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Visiting the garden at Dudmaston

Gardener working in the garden at Dudmaston Hall in Shropshire
There are lots of different character areas in the garden at Dudmaston | © Trevor Ray Hart

Discover a tranquil garden overlooking the water. Dramatic terraces lead the eye towards the Clee Hills and beyond. Dudmaston's art collection extends into the garden, so look out for sculptures designed by notable artists. The garden is open from March to October.

Things to see in the garden

The historic garden at Dudmaston is a work of art in itself and includes many interesting features such as the herbaceous border, the rose border, bog garden, rockery and American garden. Look out for the Laboucheres' collection of Modern Art sculptures which can be seen throughout the garden, including The Watcher and Space Frame, both by local artist Anthony Twentyman.

The herbaceous border

The contemporary plant scheme includes a mixture of perennials, including echinacea, aster, sedum, helenium, thalicrum and grasses such as miscanthus and stipa.

Lady Labouchere's rose border

There is a mixture of old roses such as gallicas and damasks as well as shrub roses (rugosas and modern) with a white, pink and red colour scheme. This border is named after Lady Labouchere who created it but, sadly, she never saw the rewards as she passed away only a few months later.

Bog garden

Situated at the edge of Big Pool next to the reed beds, this part of the garden is planted with stilbe, iris, primulas, euphorbias, bamboos, ferns, eupatorium, acanthus, gunneras and day lilies.

The Gunnera manicata, which originate from South America and Africa, is a dramatic plant with its huge leaves that resemble rhubarb leaves.

Discover the rockery

The rockery has been designed with a contour of lavenders and grasses at the top, a contemporary style which encourages bees and butterflies, and continues Dudmaston’s tradition of pushing the boundaries of artistic expression.

The rockery is planted with drought-tolerant species: the well-draining soil at the top is planted with Mediterranean species like cistaceae, whilst the stonier ground below is now home to many Alpine and Norwegian plants, a reference to the specimens brought to Dudmaston by Geoffrey Wolryche-Whitmore.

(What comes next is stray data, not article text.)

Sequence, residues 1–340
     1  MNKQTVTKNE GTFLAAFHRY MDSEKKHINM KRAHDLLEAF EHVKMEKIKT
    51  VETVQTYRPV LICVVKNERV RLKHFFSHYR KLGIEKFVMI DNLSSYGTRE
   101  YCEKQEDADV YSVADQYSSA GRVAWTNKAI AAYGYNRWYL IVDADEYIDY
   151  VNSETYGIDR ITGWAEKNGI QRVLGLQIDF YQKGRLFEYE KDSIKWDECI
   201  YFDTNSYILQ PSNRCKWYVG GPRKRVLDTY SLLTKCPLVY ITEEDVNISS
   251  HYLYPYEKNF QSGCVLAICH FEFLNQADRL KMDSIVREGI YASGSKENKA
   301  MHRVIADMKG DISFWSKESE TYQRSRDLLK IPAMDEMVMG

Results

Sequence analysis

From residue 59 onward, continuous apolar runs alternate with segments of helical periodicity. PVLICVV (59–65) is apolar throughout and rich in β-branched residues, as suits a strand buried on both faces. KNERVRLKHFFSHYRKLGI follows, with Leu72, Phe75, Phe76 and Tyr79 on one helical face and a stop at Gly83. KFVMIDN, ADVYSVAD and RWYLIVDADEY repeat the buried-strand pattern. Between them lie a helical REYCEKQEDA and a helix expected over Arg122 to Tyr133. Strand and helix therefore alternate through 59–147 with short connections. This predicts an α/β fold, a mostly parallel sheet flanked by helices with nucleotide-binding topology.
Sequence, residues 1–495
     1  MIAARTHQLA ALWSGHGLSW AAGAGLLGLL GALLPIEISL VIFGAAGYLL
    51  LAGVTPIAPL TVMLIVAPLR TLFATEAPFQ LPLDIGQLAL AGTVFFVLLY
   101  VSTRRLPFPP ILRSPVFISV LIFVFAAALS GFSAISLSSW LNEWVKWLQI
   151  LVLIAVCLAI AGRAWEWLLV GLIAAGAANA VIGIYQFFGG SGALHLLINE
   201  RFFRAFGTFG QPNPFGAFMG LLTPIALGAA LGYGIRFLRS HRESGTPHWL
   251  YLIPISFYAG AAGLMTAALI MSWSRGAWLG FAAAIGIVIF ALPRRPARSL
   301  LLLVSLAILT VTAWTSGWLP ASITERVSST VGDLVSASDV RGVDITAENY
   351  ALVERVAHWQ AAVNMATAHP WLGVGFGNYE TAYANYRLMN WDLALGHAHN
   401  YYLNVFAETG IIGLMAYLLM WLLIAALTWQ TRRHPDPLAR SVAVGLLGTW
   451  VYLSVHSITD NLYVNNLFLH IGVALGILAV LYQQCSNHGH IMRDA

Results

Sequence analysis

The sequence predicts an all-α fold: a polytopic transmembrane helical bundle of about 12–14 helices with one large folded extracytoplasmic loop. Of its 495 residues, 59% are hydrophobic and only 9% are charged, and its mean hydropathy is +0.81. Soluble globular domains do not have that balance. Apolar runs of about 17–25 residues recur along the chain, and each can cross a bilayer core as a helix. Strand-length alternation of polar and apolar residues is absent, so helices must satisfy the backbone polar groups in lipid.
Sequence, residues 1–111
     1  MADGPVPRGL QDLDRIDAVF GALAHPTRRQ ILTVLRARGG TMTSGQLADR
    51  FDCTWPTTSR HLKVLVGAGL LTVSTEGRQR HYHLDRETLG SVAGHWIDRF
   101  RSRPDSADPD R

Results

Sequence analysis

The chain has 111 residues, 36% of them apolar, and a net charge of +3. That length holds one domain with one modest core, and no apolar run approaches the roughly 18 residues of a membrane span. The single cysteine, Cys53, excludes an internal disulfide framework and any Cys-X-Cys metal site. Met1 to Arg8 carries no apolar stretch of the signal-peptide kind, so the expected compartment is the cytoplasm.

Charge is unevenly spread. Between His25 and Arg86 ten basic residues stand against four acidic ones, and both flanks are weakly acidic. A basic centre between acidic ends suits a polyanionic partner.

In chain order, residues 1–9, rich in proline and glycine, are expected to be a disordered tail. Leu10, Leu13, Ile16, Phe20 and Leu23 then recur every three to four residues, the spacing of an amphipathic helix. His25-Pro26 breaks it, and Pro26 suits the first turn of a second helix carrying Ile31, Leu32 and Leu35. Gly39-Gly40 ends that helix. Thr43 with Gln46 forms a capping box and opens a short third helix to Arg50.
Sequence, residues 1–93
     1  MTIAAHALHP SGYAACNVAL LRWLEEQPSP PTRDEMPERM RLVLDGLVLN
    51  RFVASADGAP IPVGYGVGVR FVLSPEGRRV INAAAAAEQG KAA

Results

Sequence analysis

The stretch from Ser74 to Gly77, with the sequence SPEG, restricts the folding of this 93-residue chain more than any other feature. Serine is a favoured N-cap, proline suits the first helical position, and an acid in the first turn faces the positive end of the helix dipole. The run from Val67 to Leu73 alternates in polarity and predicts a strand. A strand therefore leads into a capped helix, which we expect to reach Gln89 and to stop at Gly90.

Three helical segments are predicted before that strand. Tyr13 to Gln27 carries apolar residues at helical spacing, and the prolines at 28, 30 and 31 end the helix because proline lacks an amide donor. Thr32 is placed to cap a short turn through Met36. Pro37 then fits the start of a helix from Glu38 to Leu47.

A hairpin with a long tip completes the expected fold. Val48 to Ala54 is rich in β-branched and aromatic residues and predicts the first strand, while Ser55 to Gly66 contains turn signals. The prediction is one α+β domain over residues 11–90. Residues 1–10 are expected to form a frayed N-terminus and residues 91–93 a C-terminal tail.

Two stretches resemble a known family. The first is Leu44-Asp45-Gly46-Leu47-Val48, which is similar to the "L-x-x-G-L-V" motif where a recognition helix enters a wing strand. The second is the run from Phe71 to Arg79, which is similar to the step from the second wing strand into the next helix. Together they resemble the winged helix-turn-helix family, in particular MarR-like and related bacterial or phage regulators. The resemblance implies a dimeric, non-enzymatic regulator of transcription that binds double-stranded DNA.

Finally, the rockery’s lowest extent is filled with sun-loving iris, Rachel Labouchere’s favourite flower, which create a burst of blue and green in early summer.

Views from the rockery

The best view of the prospect across Big Pool can be found from the top of the rockery, where you can enjoy the colours whatever the season.

The border is planted with Mediterranean plants such as the rock rose (cistus), phlomis, erigeron lavenders, rosemary, potentilla and euphorbia.

American garden

This part of the garden was originally planted with hybrid rhododendrons which come from America.

Many of these original rhododendron were killed by the severe winter of 1981–1982 and this area was extensively replanted with plants such as rhododendron, magnolias (which produce a wonderful creamy yellow flower in May and June), eucryphias and azaleas. There are also flowering cherry trees and Japanese acers near the American garden.

beautiful magnolia flowers
Magnolia in bloom at Dudmaston | © National Trust

Summer highlights in the garden

While there’s something to enjoy year-round in Dudmaston’s garden, here are some special highlights to look out for during your summer visit.

Best blooms in the American garden

As you turn left out of the Eternity Gates you will find a tree with white flowers, called the Japanese flowering dogwood. This tree has creamy petal-like bracts, with the tiny lower flower nestled in the centre, and is best seen in June.

In early July, look out for the Calycanthus foridus which produces lily-like flowers that are strongly scented. The leaves and bark release a camphor-like scent when crushed.

In late summer, look out for the Hydrangea paniculata, a species of flowering plant in the Hydrangea family. This is a large deciduous shrub with ovate leaves and cream florets, which become pink-tinged with age.

A summer of roses

Early summer is the best time to see the rose border at the back of Dudmaston Hall, as it blooms with 37 species of rose.

Sit awhile on the benches in the border and see if you notice the different and distinct scents. Individual rose scents are usually light and sweet but when planted together in a border, the mix of different scents is often heady and immersive.

A glimpse of the house at Dudmaston between tall trees in spring

Discover more at Dudmaston

Find out when Dudmaston is open, how to get here, things to see and do and more.

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